Botanical: Glycyrrhiza glabra
Family: Leguminosae (legume) - Fabaceae (pea)
Other common names: The Great Harmonizer, Gan Cao, Sweet Wood, Grandfather Herb, Liquorice, Sweet Licorice.
Delicious Licorice will help to keep your lungs clear, your digestive tract calm, your colon cleansed and your adrenal gland functioning properly. Alexander the Great is said to have given his soldiers Licorice to boost their energy before a battle, so why not try some if you are feeling exhausted and stressed? Licorice is a reliable and pleasant way to soothe a sore throat.
The information presented herein by Herbal Extracts Plus is intended for educational purposes only. These statements have not been evaluated by the FDA and are not intended to diagnose, cure, treat or prevent disease. Individual results may vary, and before using any supplements, it is always advisable to consult with your own health care provider.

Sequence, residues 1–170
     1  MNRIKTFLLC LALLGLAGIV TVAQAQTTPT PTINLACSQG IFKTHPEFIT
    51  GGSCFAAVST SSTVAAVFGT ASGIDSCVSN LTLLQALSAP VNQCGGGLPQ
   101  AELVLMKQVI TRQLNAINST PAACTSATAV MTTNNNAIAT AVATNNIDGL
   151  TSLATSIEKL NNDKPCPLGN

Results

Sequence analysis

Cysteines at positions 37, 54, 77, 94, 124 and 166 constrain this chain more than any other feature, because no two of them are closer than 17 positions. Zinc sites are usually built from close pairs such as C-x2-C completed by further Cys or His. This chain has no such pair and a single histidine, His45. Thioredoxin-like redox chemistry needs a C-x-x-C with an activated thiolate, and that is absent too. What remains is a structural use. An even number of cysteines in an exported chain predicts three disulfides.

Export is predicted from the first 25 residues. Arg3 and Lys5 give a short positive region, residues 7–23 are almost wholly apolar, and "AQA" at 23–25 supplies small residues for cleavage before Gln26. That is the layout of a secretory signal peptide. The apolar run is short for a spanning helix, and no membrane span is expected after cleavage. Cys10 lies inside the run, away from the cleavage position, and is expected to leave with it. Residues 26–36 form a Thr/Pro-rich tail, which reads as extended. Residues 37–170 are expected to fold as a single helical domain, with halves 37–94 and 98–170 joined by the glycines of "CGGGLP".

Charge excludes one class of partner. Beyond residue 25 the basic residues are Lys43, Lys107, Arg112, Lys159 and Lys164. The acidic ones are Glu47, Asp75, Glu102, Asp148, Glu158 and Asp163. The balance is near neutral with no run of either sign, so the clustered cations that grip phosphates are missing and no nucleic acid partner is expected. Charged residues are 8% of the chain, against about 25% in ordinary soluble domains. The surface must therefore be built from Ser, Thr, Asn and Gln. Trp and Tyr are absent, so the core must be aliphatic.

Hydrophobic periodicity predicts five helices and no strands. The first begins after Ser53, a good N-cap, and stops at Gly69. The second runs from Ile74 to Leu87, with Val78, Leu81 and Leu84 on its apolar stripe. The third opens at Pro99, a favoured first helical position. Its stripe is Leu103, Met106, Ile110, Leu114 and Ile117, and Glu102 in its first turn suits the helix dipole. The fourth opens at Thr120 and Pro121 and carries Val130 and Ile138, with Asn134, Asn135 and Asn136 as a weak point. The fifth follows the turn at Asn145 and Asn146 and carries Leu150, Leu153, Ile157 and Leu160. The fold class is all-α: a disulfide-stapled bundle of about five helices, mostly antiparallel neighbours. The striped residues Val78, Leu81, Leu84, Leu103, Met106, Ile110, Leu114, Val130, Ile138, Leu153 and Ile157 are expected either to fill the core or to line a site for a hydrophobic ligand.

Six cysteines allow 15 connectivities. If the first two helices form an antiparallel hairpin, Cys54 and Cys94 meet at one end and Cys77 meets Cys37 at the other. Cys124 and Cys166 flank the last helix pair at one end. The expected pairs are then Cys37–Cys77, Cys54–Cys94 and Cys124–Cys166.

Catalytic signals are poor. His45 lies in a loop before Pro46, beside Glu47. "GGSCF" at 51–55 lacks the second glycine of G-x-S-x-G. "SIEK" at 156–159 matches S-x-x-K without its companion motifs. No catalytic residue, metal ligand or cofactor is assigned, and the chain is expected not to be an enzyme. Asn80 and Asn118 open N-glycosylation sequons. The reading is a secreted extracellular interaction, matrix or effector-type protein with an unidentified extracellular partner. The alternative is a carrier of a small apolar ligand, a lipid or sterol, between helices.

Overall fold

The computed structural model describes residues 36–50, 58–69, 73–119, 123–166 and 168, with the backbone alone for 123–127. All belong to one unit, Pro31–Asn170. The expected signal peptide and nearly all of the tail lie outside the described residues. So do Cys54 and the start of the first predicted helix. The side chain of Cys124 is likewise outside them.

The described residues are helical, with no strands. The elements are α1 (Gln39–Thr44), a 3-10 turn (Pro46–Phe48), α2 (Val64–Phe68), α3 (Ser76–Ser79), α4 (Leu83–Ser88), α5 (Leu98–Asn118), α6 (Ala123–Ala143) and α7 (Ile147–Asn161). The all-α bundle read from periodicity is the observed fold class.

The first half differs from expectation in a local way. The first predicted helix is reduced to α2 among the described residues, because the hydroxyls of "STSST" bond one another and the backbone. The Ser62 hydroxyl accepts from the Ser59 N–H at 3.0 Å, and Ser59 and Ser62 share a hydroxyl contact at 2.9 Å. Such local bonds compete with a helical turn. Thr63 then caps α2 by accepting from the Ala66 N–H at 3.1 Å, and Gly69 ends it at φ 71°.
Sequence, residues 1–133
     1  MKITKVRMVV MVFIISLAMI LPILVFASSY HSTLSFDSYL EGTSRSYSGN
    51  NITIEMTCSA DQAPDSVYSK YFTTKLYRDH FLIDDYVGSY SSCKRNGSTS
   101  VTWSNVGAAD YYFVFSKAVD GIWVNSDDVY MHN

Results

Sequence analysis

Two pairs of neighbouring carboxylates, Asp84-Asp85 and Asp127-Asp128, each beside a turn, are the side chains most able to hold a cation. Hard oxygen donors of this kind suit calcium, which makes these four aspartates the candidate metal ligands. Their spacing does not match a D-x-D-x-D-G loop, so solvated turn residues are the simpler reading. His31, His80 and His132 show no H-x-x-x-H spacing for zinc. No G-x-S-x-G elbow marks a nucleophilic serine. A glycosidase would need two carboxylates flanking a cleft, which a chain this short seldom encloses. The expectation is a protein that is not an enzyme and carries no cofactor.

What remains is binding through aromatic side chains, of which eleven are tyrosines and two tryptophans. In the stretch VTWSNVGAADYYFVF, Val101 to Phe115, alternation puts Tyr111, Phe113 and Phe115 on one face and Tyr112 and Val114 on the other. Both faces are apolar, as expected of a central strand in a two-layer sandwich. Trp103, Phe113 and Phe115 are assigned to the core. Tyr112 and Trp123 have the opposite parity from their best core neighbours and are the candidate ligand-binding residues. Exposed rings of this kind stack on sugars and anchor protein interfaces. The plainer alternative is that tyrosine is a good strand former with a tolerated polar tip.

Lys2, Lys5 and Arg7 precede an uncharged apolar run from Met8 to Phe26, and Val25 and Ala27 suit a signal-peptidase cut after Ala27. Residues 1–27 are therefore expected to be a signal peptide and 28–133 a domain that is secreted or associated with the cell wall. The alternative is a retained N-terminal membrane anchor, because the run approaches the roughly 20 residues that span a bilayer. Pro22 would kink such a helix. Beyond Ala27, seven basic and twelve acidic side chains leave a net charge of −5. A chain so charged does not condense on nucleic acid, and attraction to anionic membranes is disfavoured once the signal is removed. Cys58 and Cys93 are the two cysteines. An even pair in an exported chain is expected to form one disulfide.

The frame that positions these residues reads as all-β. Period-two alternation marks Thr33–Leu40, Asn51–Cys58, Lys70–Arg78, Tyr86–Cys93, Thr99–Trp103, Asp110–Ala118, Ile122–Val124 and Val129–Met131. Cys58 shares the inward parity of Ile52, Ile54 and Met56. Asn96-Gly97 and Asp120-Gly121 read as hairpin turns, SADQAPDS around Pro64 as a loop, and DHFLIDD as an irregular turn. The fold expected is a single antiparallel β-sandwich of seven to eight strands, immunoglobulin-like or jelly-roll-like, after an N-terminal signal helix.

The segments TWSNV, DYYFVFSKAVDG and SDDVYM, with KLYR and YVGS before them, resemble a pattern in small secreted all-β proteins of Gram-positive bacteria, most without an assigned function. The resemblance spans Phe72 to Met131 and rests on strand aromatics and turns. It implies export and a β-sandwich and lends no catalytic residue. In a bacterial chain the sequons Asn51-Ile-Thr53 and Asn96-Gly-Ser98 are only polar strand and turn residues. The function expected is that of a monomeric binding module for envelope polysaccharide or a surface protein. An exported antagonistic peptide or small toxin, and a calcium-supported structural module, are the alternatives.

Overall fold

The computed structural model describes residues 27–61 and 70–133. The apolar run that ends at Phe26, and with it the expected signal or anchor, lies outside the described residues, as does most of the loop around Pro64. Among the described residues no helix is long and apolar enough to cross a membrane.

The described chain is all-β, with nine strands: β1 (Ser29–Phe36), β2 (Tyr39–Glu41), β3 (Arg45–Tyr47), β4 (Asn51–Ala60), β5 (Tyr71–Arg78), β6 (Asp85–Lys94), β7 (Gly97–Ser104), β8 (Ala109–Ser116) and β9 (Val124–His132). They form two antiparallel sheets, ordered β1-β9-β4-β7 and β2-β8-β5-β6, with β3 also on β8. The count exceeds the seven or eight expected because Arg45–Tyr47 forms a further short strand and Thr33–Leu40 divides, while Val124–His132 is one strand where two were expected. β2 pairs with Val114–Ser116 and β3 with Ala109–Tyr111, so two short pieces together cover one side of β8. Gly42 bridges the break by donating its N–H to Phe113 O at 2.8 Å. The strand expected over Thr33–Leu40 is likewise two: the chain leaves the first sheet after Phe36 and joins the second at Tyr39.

Licorice is a woody-stemmed perennial plant found wild in southern and central Europe and parts of Asia that thrives in deep, rich, moisture-retentive, slightly-alkaline, sandy soil in full sun. It is a cultivated crop in many places that grows slowly from seed (generally from two to six feet in height), but is difficult to eradicate when well established. Licorice is a very important commercial crop that is a mainstay in herbal medicine, as well as a flavoring for confectionery, snuff, foods, cough syrups and tobacco. As a matter of fact, although Licorice is best known in the United States as a flavoring and candy, ninety percent of Licorice imports are actually used to flavor tobacco products. Licorice has been used as one of the key herbs in traditional Chinese medicine (TCM) for over three thousand years, and its use is associated with longevity. It was (and is) considered a tonic to rejuvenate the heart and spleen, treat ulcers, coughs, colds and digestive complaints and was mentioned in the Shen Nong Canon of Herbs listings of more than 365 plants and drugs that was compiled in China about two thousand years ago. In the West, the Greeks learned about Licorice from the Sythians as a treatment for coughs as long ago as the third century B.C., the very same application for which it is still used today. Alexander the Great supplied his troops with rations that included Licorice sticks to alleviate thirst and boost energy before battles. Both Hippocrates and Pliny the Elder described the medical benefits of Licorice, as did Dioscorides, who gave the plant its botanical name, Glycyrrhiza, which is derived from the Greek words, glukus, meaning "sweet" and riza, meaning "root," referring to the sweet flavor of the dried roots, which may be chewed like candy. Some of the chemical constituents in Licorice include the saponin, glycyrrhizic (or glycyrrhizinic) acid (the chief active ingredient that is fifty times sweeter than sugar cane with cortisone-like effects), plant sterols, other sugars (glucose, mannose, sucrose), starch, resin, a trace of tannin, essential oil, amino acids, flavonoids, isoflavonoids, coumarins, lignin, mannitol, phenol, quercetin, salicylic acid, thymol, calcium, choline, iron, magnesium, manganese, phosphorus, potassium selenium, silicon, zinc, beta-carotene, B-vitamins and vitamin C. Interestingly, archaeologists recently discovered a piece of Licorice from the eighth century that still possessed its active chemical principles. In addition to all of its historical medicinal applications, modern herbalists also commonly use Licorice as a digestive aid or to treat adrenal insufficiencies, such as hypoglycemia and to counteract stress and to purify the liver and blood (this must always be used under the auspices of a knowledgeable health care provider). The roots are widely used in European herbal medicine.